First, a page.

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Some Ways to Help Alcoholics

By Edited Jun 12, 2016 0 0

There are many ways to help alcoholics who are struggling to get sober but most of them do not work so great. It is very difficult to actually help an alcoholic directly and sometimes the best you can do is to point them in the right direction with gentle guidance. The fact of the matter is that you can not really force a person to do anything, and this is especially true when someone is self destructing.

One of the best ways to help an alcoholic is to simply get out of their way when they are screwing up their life and falling down flat on their face. This might sound mean or even cruel but actually it is the quickest way for the alcoholic to realize the true depth of their problem and take action to correct it. If a drunk is basically doing alright in their life, and things are going fairly well even though they are getting wasted every day, do you really think they are going to try and get sober at that point? Of course not. No alcoholic has ever tried to stop drinking when things were going well in their life. They only try to change when the chips are down. Pain is the motivating factor when it comes to quitting drinking. If the alcoholic is not suffering serious pain in their life due to their drinking, then they will not stop. It is as simple as that.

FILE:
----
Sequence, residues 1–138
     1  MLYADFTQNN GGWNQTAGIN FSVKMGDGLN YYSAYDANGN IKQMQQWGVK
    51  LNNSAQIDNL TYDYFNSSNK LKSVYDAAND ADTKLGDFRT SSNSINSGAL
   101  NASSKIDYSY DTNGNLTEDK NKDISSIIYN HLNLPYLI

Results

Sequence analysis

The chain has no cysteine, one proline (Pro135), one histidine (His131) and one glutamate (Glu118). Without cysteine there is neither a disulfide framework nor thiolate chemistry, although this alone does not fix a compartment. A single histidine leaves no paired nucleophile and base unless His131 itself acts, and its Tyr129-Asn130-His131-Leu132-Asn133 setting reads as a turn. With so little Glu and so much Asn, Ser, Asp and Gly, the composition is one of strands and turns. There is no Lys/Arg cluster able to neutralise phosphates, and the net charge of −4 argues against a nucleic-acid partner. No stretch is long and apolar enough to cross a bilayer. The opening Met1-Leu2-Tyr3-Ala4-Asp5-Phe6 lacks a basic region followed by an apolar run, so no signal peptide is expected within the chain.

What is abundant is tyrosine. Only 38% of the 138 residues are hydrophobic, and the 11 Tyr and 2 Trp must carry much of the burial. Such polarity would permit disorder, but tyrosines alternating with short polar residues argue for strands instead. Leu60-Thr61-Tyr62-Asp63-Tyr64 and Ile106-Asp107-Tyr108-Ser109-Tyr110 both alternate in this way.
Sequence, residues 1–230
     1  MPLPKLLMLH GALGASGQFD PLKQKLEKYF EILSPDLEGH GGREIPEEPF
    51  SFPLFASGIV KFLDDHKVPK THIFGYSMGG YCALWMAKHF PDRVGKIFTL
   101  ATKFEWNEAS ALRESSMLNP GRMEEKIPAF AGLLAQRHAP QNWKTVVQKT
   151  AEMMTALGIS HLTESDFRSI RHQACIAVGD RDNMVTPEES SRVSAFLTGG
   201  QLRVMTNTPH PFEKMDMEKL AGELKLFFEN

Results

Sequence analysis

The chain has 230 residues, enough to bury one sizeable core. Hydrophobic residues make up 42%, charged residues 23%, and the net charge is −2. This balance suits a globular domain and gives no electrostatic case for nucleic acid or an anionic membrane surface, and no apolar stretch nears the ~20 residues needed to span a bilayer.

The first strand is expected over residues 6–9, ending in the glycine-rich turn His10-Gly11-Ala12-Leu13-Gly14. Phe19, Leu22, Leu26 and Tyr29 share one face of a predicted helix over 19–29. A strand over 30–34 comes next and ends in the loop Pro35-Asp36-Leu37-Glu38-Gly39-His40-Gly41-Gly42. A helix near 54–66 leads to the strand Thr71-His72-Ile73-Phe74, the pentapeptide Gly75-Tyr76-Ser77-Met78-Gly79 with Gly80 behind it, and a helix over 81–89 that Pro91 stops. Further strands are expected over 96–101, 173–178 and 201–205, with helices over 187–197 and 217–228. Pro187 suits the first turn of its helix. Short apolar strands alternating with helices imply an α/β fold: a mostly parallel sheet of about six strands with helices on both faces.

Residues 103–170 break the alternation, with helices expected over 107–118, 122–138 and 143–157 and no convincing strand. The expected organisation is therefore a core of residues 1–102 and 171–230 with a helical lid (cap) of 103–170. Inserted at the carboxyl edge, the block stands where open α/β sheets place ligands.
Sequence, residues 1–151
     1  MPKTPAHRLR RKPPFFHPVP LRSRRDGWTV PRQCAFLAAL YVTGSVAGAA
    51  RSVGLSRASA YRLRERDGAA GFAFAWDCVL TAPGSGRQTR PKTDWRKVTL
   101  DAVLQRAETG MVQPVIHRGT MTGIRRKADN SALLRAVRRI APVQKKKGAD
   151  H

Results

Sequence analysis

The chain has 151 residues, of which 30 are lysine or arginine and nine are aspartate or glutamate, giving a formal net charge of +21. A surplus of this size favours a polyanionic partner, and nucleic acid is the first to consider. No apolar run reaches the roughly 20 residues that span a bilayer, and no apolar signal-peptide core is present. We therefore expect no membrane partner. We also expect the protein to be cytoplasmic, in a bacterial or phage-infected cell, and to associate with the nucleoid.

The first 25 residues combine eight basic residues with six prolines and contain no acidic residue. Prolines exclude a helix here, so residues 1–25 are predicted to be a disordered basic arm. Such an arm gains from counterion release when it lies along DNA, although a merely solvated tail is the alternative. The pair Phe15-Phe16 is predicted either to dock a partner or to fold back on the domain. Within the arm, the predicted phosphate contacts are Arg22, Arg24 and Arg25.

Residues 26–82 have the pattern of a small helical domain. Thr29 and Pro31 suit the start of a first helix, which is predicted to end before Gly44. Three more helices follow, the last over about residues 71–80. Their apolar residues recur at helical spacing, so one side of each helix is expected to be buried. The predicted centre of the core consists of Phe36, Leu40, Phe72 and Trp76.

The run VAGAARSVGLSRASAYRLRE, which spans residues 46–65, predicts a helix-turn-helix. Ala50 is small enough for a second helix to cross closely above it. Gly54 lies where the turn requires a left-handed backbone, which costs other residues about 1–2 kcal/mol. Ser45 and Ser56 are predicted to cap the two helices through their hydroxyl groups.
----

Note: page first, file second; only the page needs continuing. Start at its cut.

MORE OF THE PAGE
So how does this information show us how to help alcoholics? Well the point is that we need to stop enabling the alcoholic and we need to withdrawal emotional support from them when they try to justify their drinking. Does this imply that we have to be mean to the alcoholic? No it does not. What it means is that we have to let them fall on their face without rescuing them all the time. It also means that we have to stop supporting them emotionally when it comes to their drinking.

For example, if they say "you would drink too if you had my problems," then you need to see through this kind of justification and realize that it is hogwash. Everyone has problems. The alcoholic deals with them using alcohol because they are a sick person, not because their problems are any worse than other people's. Denial is their ability to cling to the belief that they are justified in excessive drinking of alcohol. The belief that they "deserve it" is not going to help serve them in any way, but they cannot see that they are only hurting themselves with this kind of logic.
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